Prior to World War II, older Filipinos wondered if the young had the true grit required of independence. The Japanese invasion and battle in Bataan proved without a doubt that they did. Victories as much as defeat characterized the siege at the end, of which only one in every four soldiers was still fighting at full strength. Yet the valor and suffering of Americans and Filipinos, the latter of which composed 85 percent of the forces in Bataan, earned glory at par with other heroic last stands like the ancient Greeks at Thermopylae. The agony of the Death March would help enshrine the principle of accountability for war crimes after the war.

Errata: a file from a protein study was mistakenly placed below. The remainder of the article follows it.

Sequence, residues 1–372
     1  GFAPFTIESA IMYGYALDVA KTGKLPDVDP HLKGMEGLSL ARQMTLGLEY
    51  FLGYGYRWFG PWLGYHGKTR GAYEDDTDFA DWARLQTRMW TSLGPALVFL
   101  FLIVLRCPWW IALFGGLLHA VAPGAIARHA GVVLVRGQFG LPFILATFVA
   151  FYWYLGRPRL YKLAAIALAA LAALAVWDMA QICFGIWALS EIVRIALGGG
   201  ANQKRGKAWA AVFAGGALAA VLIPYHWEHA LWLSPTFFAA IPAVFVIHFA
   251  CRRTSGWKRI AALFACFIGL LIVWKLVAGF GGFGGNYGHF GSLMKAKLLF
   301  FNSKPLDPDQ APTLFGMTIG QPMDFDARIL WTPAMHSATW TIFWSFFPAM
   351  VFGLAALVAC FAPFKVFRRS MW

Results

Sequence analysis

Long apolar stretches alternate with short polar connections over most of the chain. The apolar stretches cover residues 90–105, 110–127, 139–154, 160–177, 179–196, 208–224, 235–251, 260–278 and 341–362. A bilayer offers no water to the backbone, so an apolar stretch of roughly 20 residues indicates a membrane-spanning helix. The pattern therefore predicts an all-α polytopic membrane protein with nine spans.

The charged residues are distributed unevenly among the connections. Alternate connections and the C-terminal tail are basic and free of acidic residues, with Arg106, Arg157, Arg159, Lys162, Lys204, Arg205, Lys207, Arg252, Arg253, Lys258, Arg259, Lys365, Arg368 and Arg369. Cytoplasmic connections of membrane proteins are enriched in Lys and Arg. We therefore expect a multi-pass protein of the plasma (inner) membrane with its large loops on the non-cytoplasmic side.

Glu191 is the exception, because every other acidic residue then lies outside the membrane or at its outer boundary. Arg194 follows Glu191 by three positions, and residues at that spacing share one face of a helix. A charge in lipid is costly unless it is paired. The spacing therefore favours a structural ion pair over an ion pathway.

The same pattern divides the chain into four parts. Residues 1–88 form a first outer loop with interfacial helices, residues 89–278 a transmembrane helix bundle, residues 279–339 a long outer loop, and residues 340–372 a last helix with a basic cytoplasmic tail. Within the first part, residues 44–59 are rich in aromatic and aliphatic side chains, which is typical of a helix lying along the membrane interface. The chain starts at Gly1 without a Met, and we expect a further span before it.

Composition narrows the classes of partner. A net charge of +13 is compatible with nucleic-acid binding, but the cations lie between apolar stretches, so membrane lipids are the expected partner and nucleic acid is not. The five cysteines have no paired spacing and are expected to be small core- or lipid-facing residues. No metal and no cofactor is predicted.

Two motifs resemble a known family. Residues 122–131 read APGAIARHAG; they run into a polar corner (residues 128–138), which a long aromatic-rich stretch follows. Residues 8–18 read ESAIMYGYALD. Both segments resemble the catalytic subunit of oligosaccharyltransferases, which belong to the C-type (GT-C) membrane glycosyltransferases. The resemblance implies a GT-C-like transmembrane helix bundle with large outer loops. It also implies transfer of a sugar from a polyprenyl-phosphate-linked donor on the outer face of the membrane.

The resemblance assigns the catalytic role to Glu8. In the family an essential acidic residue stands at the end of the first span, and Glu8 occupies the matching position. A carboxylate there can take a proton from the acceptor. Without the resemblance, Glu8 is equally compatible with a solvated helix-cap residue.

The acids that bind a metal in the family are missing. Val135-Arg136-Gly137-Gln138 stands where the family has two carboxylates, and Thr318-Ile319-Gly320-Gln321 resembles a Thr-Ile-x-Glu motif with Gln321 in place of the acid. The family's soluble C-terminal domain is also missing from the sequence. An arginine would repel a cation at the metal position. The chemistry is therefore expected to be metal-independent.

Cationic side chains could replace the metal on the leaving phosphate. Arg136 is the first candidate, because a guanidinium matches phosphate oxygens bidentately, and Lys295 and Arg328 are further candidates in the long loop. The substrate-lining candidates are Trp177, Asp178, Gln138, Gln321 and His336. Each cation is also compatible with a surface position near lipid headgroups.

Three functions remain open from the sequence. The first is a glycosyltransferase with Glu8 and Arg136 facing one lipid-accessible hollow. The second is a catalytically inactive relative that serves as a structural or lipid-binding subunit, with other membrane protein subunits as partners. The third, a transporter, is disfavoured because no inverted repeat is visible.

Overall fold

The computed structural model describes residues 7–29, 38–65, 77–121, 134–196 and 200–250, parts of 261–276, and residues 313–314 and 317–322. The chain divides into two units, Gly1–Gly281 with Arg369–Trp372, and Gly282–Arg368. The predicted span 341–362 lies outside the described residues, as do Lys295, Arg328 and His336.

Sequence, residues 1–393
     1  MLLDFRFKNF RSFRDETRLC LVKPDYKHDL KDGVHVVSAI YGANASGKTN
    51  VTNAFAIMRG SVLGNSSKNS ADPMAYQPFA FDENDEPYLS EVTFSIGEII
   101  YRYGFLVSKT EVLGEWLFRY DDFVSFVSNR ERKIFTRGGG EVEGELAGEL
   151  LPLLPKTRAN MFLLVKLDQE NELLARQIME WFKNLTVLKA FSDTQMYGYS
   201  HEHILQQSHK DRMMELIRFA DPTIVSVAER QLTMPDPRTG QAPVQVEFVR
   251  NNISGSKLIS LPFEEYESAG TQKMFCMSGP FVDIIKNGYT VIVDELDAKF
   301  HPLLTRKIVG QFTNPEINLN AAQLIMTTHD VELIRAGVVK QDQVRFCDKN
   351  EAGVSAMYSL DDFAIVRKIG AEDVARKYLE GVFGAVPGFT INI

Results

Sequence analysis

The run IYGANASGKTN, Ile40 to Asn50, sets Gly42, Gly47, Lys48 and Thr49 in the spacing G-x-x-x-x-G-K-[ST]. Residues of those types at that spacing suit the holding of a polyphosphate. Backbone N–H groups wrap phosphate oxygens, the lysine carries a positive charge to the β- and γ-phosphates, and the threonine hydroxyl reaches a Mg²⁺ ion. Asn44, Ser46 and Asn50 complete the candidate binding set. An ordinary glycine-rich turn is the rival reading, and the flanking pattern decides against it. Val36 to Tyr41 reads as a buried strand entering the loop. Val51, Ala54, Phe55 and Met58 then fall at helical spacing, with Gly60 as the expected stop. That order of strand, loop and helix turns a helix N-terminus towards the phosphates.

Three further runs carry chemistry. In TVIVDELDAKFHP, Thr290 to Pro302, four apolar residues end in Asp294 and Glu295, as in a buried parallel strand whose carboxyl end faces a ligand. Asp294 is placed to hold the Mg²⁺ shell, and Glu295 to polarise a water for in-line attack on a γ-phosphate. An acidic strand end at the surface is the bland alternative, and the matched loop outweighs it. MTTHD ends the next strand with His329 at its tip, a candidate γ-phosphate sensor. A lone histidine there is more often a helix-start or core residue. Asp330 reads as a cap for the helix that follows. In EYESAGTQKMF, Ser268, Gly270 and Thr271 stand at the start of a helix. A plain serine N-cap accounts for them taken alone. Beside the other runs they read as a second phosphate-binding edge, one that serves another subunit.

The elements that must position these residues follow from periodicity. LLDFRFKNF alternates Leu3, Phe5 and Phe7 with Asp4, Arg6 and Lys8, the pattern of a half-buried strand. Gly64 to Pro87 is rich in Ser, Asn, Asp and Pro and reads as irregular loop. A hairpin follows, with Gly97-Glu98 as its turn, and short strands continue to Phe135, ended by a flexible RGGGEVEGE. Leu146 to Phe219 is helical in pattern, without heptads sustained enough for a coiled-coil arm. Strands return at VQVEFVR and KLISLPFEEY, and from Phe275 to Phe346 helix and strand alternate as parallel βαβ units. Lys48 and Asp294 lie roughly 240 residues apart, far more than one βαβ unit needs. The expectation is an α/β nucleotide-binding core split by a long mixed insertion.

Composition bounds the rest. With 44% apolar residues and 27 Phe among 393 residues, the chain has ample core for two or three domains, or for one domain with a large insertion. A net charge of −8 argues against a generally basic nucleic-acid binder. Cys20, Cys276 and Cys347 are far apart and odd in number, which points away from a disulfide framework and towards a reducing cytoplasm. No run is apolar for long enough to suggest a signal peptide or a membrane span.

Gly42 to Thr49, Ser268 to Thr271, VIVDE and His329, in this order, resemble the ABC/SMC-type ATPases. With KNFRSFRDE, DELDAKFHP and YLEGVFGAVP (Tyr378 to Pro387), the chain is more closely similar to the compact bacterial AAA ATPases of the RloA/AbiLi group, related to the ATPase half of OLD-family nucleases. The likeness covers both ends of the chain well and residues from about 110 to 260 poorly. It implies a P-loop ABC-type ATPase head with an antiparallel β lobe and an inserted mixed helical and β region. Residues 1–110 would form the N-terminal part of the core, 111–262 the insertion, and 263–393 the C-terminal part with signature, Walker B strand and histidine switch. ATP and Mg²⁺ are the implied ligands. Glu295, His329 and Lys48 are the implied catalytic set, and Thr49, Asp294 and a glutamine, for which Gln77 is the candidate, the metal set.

Page Design: Ralph Bagares

Illustration: Rene Elevera

Editor: Manolo Quezon

Research: Ana Roa with Marielle Medina

Inquirer Briefing

Philippine Daily Inquirer Sunday

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